News Register for our weekly news digest here.

José Roca. Photo: Alejandra Quintero Sinisterra.
José Roca. Photo: Alejandra Quintero Sinisterra.

José Roca Named Artistic Director of 2022 Biennale of Sydney

Colombian curator José Roca has been appointed artistic director of the 23rd Biennale of Sydney, slated to take place March 12–June 13, 2022. Currently the director of the Bogotá-based LORA ars+natura, a not-for-profit endeavor, Roca was previously Estrellita B. Brodsky Adjunct Curator of Latin American Art for the Tate, London, and for a decade oversaw the arts program at the Museo del Banco de la República in Bogotá, establishing the institution as one of the most respected in Latin America.

Roca will head a curatorial team additionally comprising Paschal Daantos Berry, who heads learning and participation at the Art Gallery of New South Wales; Anna Davis, a curator at Sydney’s Museum of Contemporary Art Australia; Hannah Donnelly, producer of First Nations programs at Paramatta, Australia’s Information + Cultural Exchange; and Talia Linz, a curator at Artspace, Sydney.

Though Roca and his team have not yet selected a theme for the Biennale, it will “deal with issues like sustainability, rights of nature, the knowledge of Indigenous people that inhabit different territories, waterways as means of subsistence but also the enablers of colonial enterprise,” Roca told the Sydney Morning Herald.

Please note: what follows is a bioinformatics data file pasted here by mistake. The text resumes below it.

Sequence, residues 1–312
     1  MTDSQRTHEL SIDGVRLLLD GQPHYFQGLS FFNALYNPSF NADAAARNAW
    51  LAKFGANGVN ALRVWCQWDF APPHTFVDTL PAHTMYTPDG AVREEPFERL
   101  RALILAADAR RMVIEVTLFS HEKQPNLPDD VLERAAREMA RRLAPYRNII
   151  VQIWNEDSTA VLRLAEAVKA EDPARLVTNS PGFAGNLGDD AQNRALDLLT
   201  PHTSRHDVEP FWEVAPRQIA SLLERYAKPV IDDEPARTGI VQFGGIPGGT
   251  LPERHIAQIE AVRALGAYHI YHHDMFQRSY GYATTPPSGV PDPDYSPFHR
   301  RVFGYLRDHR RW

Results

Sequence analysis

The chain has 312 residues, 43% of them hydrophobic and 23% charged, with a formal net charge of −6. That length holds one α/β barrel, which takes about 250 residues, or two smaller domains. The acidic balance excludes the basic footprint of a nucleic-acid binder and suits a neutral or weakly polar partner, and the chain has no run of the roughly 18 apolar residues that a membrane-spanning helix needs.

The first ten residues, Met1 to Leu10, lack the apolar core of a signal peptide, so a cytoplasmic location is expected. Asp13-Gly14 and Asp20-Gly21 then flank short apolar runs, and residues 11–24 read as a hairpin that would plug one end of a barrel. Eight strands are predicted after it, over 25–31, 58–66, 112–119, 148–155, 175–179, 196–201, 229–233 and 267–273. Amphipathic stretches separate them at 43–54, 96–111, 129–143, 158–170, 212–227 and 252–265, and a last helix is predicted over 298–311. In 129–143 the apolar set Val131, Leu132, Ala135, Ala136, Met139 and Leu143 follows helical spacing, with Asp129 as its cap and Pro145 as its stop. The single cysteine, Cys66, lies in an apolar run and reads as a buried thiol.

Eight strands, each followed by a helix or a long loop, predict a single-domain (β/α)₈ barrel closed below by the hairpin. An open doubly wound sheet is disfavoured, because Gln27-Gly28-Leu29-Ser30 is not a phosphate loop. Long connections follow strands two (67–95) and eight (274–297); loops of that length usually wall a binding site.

In order to reduce the Biennale’s environmental impact, the team will keep international travel to a minimum during the curation process, instead working with a worldwide network of colleagues, (re)producing works locally, and working inter-institutionally to optimize resources. Roca will move to Sydney as soon as travel restrictions permit and will remain there for the duration of the process.

“In this particular day and time . . . we need to be conscious of the impact of our decisions and actions on the social, political and natural environment,” said Roca in a statement. “We should realize that the task of artists and cultural producers lies not only in raising awareness of these pressing issues, but in acting accordingly and consequently. We must think of more sustainable ways to do exhibitions, work collaboratively with and for local audiences, and learn from the peoples that have lived in harmony with nature.”